Hills? Help comes from God

Distant mountains

This picture was also taken from eastern Colorado, but we traveled for hours before the mountains looked this close.

When I was in high school, my dad went on sabbatical and obtained a visiting professorship in California. He decided to buy a trailer and camp across the country with the family to get there from northwestern Ohio. It turned out to be a great idea, but the trip got off to a terrible start.

The absolute worst night came in eastern Colorado, where the official state map had shown a camping place. The state highway to get there turned out to have been abandoned. By the time we found the weedy site of the former camping place, it was too late in the day to look for anywhere else. No sooner did we set up the trailer than the first freight train roared by.

My brother got up way earlier the next morning than anyone else. He shouted the rest of us awake, excited that he could see the mountains very dimly.

The sight of the mountains was a great help. We set out that morning much more cheerfully than we had in days. Even though the mountains did not look much closer until afternoon, they continued to inspire.

Hills in a beloved psalm

Death Valley

Inspiring view of a mountain from Death Valley, California

I have always loved Psalm 121:1-2: I  lift up my eyes to the hills. From where does my help come? My help comes from the Lord, who made heaven and earth. (ESV) It has always seemed made for an expression of awe at the beauty of the mountains.

I think God created beauty, at least in part, to invite people out of ordinary life and its humdrum routine. It doesn’t have to be mountains, canyons, oceans, even the splendor of the night sky or anything else that’s huge and grand.

Flowers, birds, butterflies, even spider webs can serve the same purpose. All we have to do is notice. Notice, for example, that beauty comes as an interruption to our ordinary routines. We can do our jobs, run our errands, talk to people, use all our modern gadgets without natural beauty. And all too often do.

So when we notice beauty at all, it is an invitation to recognize that the world does not exist for the sake of our routines. It contains a lot that we could never create for ourselves. In fact, nature contains much we could never even imagine until we experience it for the first time.

God invites us to pay attention to nature as a prelude to paying attention to him. If the heavens declare the glory of God, so does a tiny wildflower. Nature proclaims that God can make and comprehend and care about things both infinitely larger that we are and infinitely smaller.

We are part of that creation. He cares about us as much as he cares about the moon, the mountains, or the mocking bird. He can take care of us, if only we turn to him.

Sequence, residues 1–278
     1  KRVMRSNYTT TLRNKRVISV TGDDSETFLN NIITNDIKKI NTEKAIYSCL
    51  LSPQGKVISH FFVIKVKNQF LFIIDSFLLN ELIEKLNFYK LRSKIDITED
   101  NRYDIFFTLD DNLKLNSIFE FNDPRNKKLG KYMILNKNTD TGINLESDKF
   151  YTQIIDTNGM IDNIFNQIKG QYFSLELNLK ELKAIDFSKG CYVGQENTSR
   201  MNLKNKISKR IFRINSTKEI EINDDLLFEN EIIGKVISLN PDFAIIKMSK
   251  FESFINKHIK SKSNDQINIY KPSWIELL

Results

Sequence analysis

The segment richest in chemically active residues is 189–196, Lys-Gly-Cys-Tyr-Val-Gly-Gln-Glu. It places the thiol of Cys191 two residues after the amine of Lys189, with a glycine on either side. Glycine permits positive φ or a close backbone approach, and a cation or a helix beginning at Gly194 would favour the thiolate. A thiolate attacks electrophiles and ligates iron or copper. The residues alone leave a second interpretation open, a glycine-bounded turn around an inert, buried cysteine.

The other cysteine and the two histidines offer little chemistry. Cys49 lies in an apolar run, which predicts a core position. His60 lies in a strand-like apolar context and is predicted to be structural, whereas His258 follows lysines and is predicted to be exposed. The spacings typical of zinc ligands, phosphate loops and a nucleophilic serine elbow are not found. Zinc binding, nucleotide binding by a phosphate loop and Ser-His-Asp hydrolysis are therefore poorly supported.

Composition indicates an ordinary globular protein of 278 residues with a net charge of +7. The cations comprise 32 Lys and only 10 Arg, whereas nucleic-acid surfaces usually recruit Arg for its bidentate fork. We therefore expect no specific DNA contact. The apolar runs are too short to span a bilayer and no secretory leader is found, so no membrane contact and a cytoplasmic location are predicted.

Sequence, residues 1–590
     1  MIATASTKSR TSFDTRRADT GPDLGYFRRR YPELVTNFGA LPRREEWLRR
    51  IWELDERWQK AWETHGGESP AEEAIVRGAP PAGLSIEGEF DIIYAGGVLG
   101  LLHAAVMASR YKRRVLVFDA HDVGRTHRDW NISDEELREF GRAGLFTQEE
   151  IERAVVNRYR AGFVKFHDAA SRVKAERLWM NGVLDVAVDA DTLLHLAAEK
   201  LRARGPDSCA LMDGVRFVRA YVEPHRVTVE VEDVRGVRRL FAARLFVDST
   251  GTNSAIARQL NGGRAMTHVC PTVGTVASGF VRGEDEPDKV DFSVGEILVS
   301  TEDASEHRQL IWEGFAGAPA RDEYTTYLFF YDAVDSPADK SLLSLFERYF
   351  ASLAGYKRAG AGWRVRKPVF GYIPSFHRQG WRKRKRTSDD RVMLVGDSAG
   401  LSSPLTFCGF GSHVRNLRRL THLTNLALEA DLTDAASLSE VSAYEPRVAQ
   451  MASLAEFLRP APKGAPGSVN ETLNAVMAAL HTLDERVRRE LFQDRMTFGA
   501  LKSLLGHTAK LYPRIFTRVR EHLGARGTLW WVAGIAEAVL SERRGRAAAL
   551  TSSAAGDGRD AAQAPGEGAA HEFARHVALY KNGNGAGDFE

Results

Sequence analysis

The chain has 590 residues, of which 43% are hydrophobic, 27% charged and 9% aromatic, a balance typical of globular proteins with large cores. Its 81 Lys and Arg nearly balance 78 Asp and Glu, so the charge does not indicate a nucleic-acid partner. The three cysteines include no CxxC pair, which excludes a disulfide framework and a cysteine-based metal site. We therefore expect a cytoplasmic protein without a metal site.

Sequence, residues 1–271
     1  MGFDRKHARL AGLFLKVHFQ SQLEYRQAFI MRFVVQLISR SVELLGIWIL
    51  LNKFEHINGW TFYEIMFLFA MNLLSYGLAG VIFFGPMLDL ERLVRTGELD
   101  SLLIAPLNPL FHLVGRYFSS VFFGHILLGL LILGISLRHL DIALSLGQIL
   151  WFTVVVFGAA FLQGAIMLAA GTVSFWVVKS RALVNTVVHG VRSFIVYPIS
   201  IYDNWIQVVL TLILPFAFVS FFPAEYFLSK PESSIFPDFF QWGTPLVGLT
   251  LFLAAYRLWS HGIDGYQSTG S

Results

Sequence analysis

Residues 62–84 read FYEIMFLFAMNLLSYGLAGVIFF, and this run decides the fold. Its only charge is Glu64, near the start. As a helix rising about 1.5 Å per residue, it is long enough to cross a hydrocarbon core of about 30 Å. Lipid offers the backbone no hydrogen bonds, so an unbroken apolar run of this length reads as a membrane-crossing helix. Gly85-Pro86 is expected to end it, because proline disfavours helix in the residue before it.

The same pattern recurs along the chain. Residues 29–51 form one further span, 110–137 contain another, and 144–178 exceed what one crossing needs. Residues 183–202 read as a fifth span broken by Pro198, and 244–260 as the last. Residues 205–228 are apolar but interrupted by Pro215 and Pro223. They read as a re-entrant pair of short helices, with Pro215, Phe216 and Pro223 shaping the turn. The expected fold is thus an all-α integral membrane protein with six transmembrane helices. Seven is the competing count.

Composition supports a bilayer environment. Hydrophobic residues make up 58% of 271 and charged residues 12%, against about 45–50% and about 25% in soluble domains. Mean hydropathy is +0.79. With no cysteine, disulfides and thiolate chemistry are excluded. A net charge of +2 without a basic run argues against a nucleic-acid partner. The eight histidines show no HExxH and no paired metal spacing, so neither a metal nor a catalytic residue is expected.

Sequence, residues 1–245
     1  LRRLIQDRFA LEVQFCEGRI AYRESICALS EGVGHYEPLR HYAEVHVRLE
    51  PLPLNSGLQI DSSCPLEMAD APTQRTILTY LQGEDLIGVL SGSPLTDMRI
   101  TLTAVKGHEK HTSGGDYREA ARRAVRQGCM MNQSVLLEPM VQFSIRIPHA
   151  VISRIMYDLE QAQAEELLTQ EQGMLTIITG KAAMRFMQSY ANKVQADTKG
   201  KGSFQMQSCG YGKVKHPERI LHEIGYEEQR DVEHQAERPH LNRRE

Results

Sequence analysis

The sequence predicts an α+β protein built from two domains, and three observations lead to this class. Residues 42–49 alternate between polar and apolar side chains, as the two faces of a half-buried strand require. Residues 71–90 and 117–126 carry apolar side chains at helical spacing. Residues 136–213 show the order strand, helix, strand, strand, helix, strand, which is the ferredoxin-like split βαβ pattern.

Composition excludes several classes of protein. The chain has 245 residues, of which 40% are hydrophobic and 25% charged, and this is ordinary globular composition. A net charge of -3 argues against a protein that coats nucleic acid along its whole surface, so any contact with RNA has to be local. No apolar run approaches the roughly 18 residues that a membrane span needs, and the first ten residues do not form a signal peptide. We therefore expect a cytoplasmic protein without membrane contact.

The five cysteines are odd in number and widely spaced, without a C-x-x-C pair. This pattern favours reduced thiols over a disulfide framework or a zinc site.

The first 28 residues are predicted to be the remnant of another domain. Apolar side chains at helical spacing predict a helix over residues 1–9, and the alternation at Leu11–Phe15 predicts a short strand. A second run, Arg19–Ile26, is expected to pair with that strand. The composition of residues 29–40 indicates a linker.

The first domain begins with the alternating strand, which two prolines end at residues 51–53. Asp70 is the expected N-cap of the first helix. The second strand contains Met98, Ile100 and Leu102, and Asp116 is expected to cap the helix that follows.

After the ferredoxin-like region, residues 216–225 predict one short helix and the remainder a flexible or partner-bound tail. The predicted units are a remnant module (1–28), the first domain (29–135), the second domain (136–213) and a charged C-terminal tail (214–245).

The beauty of nature has long turned people to consider God and give him praise and honor. As it turns out, though, that’s not quite what the psalmist had in mind.

Hills to the psalmist

Mount of Temptation, Jericho

Mount of Temptation, Jericho. Pagan shrines occupied high places like this.

I was shocked and appalled when the Living Bible came out and I read its rendering of that same passage: Shall I look to the mountain gods for help? No! My help is from Jehovah, who made the mountains! And the heavens, too!

Gone is all thought of grandeur and beauty. Later reflection and study, though, leads to the conclusion that the psalmist probably didn’t think of beauty when he thought of mountains.

Psalm 121 is one of the Psalms of Ascents, that is, songs that faithful pilgrims sang as they journeyed from their homes to Jerusalem for a festival. And at the top of many hills, the high places mentioned so often in the Old Testament, pagan shrines invited worshipers.

Pagan religion was a stumbling block to the Israelites from the days of Moses until the destruction of the temple—brought about because Israelite society eventually turned from the living God to idols. Worshiping the idols involved both uninhibited sex and the sacrifice of babies.

Pious believers regarded these shrines with disgust. They knew that God had forbidden the worship of idols, and so the shrines were a menace to society. Unfortunately, pious believers were always a small minority. Most people were quite willing to worship God, but they worshiped idols, too. For them, the shrines were a constant temptation.

Let us not think that the ancient high places represent something quaint, remote, and of no relevance to us. We do, after all, travel long distances to get to some destinations. And even on short trips, we are likely to pass “adult” stores that offer entertainment for those who have surpassed an arbitrary age.

That kind of establishment is only one of numerous businesses that can be regarded as either a menace or a temptation. To paraphrase the Living Bible’s rendering of Psalm 121:1, should we look to places like that for help?

No. Our help comes from God. Anything else—everything else—is an inferior imitation that will get us in trouble if we fall into its trap.

So whether we have a chance to look at hills for any reason or if we live hours from the nearest one, let’s take full advantage of whatever invitation God gives to acknowledge, worship, and depend on him alone.

Photo credits:
Distant mountains. Some rights reserved by Ben Mason
Death Valley. Some rights reserved by Pamela Carls
Mount of Temptation. Some rights reserved by Michele Benericetti


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